Following the joint report from Human Rights Watch and Johns Hopkins in April 2019, increasing announcements from the United Nations about the scale of the humanitarian crisis, and the softening of Maduro's position on receiving aid, the ICRC tripled its budget for aid to Venezuela. The increased Red Cross aid would focus in four areas: the migration crisis, the health care system collapse, water and sanitation, and prisons and detention centers.
The first Red Cross delivery of supplies for hospitals arrived on 16 April via an air cargo shipment from Panama and contained generators, water, and surgery kits. Relative to the amount of need, the initial supplies were expected to be little "more than a palliative measure", but National Assembly Deputy Miguel Pizarro viewed it as an encouraging sign that the Maduro administration would allow more aid to enter. According to the Associated Press, having long denied that there was a humanitarian crisis in Venezuela, Maduro positioned the delivery "as a necessary measure to confront punishing U.S. economic sanctions"; having "rallied the international community", Guaidó "quickly claimed credit for the effort".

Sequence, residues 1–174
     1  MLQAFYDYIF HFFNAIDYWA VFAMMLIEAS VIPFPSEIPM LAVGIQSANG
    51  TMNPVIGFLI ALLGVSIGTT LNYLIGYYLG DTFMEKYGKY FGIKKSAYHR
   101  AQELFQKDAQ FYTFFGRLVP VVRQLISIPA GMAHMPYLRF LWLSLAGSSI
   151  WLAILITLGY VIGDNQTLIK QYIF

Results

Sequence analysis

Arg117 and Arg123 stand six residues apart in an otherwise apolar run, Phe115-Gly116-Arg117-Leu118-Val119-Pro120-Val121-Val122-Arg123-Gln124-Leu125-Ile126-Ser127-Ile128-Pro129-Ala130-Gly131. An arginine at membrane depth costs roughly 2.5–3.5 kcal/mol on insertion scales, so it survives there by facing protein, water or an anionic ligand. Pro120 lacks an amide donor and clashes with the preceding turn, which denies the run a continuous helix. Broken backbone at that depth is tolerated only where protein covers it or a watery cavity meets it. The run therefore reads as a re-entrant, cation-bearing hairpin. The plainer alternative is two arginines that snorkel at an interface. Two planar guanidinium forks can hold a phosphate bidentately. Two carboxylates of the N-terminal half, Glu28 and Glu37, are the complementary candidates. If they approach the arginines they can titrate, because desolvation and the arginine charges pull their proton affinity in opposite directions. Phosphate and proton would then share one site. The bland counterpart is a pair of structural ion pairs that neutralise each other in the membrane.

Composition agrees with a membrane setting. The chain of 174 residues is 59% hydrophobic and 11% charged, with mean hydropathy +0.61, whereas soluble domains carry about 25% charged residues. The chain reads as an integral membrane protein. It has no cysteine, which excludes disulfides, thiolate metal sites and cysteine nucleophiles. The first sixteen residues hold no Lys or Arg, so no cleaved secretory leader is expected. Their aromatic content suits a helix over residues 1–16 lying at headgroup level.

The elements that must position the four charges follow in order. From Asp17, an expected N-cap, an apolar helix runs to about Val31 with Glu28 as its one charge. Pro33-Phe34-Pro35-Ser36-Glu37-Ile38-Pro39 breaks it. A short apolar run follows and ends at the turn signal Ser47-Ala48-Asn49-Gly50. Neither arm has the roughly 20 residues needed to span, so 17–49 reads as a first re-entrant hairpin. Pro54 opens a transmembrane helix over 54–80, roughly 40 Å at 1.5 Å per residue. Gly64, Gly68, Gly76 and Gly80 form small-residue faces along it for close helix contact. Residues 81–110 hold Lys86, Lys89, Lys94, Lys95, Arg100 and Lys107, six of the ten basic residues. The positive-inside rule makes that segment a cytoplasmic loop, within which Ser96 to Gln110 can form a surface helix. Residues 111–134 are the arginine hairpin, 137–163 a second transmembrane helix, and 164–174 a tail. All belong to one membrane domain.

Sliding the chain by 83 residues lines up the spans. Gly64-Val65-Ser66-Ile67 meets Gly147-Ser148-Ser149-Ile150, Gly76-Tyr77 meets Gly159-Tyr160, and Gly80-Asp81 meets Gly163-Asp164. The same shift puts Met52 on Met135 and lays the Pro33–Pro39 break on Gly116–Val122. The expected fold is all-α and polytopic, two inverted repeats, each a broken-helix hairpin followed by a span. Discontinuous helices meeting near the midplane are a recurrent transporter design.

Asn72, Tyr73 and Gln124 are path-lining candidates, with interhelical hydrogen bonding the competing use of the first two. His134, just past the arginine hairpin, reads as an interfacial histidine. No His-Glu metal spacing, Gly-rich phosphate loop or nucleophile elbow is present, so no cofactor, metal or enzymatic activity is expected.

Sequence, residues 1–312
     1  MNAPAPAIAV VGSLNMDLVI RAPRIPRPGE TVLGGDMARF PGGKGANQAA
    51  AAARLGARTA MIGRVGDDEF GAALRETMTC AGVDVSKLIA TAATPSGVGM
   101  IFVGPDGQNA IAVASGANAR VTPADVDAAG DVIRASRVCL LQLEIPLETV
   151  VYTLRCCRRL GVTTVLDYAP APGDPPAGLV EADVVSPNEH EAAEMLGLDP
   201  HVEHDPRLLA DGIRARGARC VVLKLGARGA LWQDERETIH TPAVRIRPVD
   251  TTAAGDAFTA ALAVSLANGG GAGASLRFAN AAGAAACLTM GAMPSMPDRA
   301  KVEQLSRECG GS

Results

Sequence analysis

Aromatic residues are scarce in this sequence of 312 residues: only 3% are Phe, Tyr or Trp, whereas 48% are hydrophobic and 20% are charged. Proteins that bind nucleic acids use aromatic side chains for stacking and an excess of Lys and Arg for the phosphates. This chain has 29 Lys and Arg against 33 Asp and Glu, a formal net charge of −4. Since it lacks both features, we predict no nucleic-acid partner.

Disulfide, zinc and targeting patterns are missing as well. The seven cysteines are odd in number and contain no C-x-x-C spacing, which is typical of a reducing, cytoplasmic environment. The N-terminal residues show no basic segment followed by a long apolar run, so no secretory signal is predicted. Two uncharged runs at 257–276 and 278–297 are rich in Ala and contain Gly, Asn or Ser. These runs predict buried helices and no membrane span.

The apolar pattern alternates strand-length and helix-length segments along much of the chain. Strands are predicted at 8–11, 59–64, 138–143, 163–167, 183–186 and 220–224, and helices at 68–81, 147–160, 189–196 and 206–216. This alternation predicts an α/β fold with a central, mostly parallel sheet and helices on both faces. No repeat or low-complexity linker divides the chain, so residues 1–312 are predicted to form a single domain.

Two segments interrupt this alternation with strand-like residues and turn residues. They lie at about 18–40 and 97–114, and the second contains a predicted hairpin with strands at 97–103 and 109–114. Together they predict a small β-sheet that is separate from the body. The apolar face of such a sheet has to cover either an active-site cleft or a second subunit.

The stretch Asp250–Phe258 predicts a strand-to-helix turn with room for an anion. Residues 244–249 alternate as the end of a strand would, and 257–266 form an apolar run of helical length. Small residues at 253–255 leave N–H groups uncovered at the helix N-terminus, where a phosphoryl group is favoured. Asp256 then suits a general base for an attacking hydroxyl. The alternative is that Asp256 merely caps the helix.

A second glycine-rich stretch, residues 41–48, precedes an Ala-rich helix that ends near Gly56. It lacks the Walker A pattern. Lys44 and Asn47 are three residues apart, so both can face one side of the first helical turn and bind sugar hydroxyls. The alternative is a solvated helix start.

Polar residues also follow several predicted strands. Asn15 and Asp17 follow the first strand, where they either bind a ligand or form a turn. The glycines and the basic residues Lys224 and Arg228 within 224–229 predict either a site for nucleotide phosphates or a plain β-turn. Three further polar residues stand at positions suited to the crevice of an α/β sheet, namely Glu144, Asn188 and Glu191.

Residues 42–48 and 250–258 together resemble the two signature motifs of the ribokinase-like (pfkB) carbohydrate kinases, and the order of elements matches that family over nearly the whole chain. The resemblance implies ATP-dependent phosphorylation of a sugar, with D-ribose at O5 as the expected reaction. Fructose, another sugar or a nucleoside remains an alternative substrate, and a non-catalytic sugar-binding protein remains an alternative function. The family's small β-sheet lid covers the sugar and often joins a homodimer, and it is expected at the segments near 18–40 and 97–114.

Quoting Tamara Taraciuk—an expert at Human Rights Watch on Venezuela—who called the situation "a completely man-made crisis", The New York Times said the aid effort in Venezuela presented challenges regarding how to deliver aid in an "unprecedented political, economic and humanitarian crisis" that was "caused largely by the policies of a government intent on staying in power, rather than war or natural disaster". The humanitarian crisis is impacted by the presidential crisis and international sanctions, along with concerns that the Red Cross effort alone will be insufficient to meet the need, and whether the aid effort will continue to be politicized. According to The New York Times, "armed pro-government paramilitaries" fired weapons to disrupt the first Red Cross delivery, and officials associated with Maduro's party told the Red Cross to leave.
Member of the National Assembly, Lester Toledo announced in May that the NGO Rescate Venezuela and the Ayuda y Libertad coalition had already given medical aid and survival kits to about 10.000 Venezuelans in more than 20 states. Most of the effort is carried out by volunteering.